Eann Patterson

Eann Patterson

Engineer, educator & author. I hold the AA Griffith Chair in Structural Materials & Mechanics at the University of Liverpool. Read my blog at RealizeEngineering.Wordpress.com to find out more.

Location Liverpool


  • I am sorry to hear that you feel it is beyond you. You should be follow later steps without having understood these worked examples. So, keep going!

  • I cannot find the error in the pdf. Can you tell me more?

  • Yes, there are quite a few parallels. I have posted a couple of posts on my blog on this topic. See, for example:

  • Yes, I am planning to start a new PhD project on fracture properties of timber next academic year which, in part, is motivated by the increase use of timber in tall buildings.

  • Yes, there certainly used to be - I remember seeing it when I was much younger. I think it's the one next to Battersea Park?

  • Thank you. It would be good to see some more designs!

  • Thank you for spotting the typos. I found two and have corrected them.

  • This a bit too much information; but it's good to hear that you have got set up to try out FEA.

  • It might be that most ancient structures fell down long ago and the only ones left are the very best. I expect that the best modern day ones will also survive for centuries. However, it is very expensive to design everything to survive for thousands of years!

  • Yes, this approach is being used in a wide range of engineering fields, such as aerospace engineering.

  • Yes, it is why troops break step but you wouldn't expect a random collection of pedestrians to produce the same effect.

  • Here is a quick link to the collection of editorials mentioned in the audio clip: http://journals.sagepub.com/topic/collections/sdj-1-golden_anniversary_editorials/sdj

  • I am glad you found the course rewarding. I hope to see you again either on-line or on one of our campuses in Liverpool, London or Suzhou.

  • I have not come across that particular programme. There are lots of integrated analysis systems for structures. Some of them are specialised for particular industries, such as aerospace or civil engineering, others are more generalised.

  • If the probability of failure is high then we need to redesign the structure to lower the probability. This might mean doing tests or research to remove some of the unknowns.

  • Yes, it does appear to act in a similar way to drilling a hole to stop a crack, except that the crack is not arrested. The crack's advance is slowed down but we have not managed to arrest a crack in this way.

  • I am still reading comments on previous weeks so if you ask questions I will try to answer them.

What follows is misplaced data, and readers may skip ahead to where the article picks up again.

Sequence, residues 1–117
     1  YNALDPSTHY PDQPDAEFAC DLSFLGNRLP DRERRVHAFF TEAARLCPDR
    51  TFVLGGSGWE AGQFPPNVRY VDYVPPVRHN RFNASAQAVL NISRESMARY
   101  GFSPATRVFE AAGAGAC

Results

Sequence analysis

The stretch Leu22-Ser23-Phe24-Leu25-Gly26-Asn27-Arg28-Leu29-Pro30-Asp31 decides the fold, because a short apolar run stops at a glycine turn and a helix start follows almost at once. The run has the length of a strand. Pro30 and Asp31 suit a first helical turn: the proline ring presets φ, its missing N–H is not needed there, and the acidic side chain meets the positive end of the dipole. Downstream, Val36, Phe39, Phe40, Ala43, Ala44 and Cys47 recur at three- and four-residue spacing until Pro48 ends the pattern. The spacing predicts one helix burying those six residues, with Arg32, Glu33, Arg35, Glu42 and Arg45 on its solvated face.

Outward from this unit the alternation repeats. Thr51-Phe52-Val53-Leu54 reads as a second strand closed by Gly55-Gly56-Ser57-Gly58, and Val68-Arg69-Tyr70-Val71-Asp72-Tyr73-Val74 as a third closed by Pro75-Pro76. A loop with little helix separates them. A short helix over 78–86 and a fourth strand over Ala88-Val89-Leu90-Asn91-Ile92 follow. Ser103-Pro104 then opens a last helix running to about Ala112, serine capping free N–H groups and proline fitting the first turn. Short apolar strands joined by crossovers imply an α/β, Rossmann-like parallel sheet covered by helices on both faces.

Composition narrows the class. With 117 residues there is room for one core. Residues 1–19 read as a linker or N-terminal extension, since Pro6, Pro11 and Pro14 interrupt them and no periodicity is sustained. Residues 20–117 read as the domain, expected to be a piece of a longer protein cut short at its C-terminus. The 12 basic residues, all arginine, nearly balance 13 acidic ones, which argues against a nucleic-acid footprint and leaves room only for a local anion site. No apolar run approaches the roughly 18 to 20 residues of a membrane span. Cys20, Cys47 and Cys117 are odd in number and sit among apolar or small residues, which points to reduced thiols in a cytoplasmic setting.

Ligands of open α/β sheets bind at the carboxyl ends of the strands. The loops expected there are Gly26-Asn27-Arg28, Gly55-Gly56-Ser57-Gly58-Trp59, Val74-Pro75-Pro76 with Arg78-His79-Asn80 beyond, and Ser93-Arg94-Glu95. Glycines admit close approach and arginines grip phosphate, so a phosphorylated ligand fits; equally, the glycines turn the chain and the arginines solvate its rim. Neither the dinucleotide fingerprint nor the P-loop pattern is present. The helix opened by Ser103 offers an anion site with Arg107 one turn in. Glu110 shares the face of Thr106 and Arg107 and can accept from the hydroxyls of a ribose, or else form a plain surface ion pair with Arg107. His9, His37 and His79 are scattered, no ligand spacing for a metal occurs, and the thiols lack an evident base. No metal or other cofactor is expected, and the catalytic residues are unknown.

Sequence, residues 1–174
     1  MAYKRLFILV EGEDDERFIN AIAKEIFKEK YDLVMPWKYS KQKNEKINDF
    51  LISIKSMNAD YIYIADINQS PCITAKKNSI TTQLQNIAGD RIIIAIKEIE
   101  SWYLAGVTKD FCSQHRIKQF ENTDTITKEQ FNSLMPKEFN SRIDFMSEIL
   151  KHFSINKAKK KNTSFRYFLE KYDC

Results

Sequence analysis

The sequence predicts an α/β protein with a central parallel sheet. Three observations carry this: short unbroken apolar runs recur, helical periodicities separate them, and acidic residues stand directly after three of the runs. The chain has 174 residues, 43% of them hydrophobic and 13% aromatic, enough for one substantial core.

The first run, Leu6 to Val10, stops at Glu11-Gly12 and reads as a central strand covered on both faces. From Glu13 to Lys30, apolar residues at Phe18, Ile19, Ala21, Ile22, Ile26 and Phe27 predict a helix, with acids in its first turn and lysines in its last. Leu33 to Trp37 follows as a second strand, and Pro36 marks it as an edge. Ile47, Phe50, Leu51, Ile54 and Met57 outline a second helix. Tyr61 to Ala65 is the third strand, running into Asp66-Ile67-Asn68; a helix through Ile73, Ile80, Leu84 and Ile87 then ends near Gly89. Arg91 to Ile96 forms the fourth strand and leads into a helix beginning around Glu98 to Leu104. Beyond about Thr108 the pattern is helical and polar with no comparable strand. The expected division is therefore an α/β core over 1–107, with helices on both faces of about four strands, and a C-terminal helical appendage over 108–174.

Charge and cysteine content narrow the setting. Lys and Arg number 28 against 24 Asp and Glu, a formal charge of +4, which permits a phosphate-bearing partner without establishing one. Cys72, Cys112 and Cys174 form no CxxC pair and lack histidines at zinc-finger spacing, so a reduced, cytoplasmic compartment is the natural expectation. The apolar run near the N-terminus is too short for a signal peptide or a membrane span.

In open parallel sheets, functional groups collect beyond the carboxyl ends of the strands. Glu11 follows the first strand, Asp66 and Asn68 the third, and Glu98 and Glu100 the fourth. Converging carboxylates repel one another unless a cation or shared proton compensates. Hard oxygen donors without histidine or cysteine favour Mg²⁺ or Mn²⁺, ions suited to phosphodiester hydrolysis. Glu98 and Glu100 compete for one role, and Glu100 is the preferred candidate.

• Welcome to the course. We are in the last week which is week 5; however, I am scanning through comments made in other weeks, so feel free to ask questions or make comments and one of us will answer them. I hope you make it to the end before it closes to free admission in three weeks time!

  • Yes, but be careful with the word 'show' because some deflections might so small as to be invisible with the naked eye.

  • I'm not sure whether that's poor design or your technique, or a bit of both?

  • We use the LISA code when we are teaching a short course on structural integrity to scientists. Its a free download at http://www.lisa-fet.com/

    I have never tried it on an iMAC.

  • I have co-authored one book entitled 'The Entropy Vector: Connecting Science and Business' with Bob Handscombe. We wrote it a long time ago. See: http://www.worldscientific.com/worldscibooks/10.1142/5365

    However, it does not deal with this subject directly. I wrote a piece for the Citizens of Everywhere project a few months ago...

  • I don't follow what you mean.

  • Maybe some types of tofu would work as an alternative. Though I have not tried it in this experiment and would not recommend using the stinky tofu that I have come across in Taiwan!

  • No. Yield line analysis assumes possible collapse modes for a structure based on the formation of plastic hinges or yield lines. It does deal with the fracture of the material.

  • if you are in France, you should try Cantal or Comte cheese.

  • I don't know. Before I could answer, I would need to know a lot more about the geometry of the structure, the materials and loading conditions. So I am hoping yours was a rhetorical question?

  • If you want even more heavy reading material, then some of our work on cracks in titanium has been published under the title: Quantitative measurement of plastic strain field at a crack tip, by Y Yang, M Crimp, RA Tomlinson & EA Patterson in the Proceedings of the Royal Society A, 468:2399-2415, 2012. A download is available at...

  • Some of latest research was published last year in the journal: Experimental Mechanics under the title: High temperature vibratory response of Hastelloy-X: stereo-DIC measurements and image decomposition, by RB Berke, CM Sebastian, R Chona, EA Patterson & J Lambros. It's currently available as a free download from the publishers if you want some extra heavy...

  • By coincidence I wrote next week's post for my blog about GIGO. So, yes I agree.

  • Yes, that's a nice example but I fear we might be revealing our age.

  • Yes, titanium has a material response similar to steel and aluminium but offers higher performance per unit mass. However, as you point out, it is expensive. We have been performing research on fatigue crack growth in titanium though not connected to the work on hypersonic flight mentioned above.

  • Yes, the gradient of the elastic portion of the stress-strain curve and the yield point will change with temperature. The level of change varies from one material to another. So this has to be accounted for in the design of aircraft. We are currently working the behaviour of aircraft panels during hypersonic flight when temperatures up to 2000 degrees can...